Perseverance Looks Back After a Long Autonomous Drive
NASA's Perseverance Mars rover looks back toward its tracks on July 1, 2021 (the 130th sol, or Martian day, of its mission), after driving autonomously 358 feet (109 meters) – its longest autonomous drive to date. Taken by one of the rover's Navigation Cameras, the image has been processed to enhance the contrast.
Perseverance has been exploring the floor of Jezero Crater since it landed on Feb. 18, 2021.
A key objective for Perseverance's mission on Mars is astrobiology, including the search for signs of ancient microbial life. The rover will characterize the planet's geology and past climate, pave the way for human exploration of the Red Planet, and be the first mission to collect and cache Martian rock and regolith (broken rock and dust).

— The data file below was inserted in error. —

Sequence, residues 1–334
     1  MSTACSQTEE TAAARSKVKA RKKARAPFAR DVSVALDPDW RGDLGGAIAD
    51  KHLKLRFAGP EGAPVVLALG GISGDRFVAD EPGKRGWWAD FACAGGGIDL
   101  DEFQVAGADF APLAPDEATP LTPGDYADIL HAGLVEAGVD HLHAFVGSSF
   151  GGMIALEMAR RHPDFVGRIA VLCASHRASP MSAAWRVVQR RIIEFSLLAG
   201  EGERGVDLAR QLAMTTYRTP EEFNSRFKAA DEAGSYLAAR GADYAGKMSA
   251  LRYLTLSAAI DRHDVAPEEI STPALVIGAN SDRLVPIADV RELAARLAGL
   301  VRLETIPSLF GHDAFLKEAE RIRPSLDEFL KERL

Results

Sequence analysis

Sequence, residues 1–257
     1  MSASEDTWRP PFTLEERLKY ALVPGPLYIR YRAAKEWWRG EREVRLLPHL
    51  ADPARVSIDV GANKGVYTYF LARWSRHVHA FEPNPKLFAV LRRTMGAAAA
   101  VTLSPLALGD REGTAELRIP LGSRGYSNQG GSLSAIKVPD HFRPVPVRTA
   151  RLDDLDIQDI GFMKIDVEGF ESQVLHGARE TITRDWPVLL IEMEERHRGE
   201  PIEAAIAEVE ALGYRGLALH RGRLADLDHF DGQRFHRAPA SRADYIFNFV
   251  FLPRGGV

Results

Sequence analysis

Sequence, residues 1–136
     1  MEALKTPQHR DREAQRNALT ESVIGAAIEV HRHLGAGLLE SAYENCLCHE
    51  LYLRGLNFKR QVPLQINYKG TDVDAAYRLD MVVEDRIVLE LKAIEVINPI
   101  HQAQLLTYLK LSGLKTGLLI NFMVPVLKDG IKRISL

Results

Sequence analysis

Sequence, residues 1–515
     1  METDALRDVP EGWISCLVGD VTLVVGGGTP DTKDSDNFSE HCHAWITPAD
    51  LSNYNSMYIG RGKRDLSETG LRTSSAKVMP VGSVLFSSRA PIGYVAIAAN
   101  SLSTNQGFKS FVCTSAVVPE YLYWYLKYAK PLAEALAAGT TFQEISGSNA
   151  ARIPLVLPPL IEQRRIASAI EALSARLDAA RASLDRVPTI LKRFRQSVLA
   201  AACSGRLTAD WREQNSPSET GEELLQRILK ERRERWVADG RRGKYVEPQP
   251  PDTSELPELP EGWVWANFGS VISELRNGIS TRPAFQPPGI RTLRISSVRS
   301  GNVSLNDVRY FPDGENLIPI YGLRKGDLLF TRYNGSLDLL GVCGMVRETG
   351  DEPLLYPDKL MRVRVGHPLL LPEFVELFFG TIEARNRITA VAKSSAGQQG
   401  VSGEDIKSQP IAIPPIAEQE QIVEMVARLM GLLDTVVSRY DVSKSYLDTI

The Mars 2020 Perseverance mission is part of NASA's Moon to Mars exploration approach, which includes Artemis missions to the Moon that will help prepare for human exploration of the Red Planet.
Subsequent NASA missions, in cooperation with ESA (European Space Agency), would send spacecraft to Mars to collect these sealed samples from the surface and return them to Earth for in-depth analysis.
NASA's Jet Propulsion Laboratory in Southern California built and manages operations of the Mars 2020 Perseverance rover for NASA.
For more information about the mission, go to: https://mars.nasa.gov/mars2020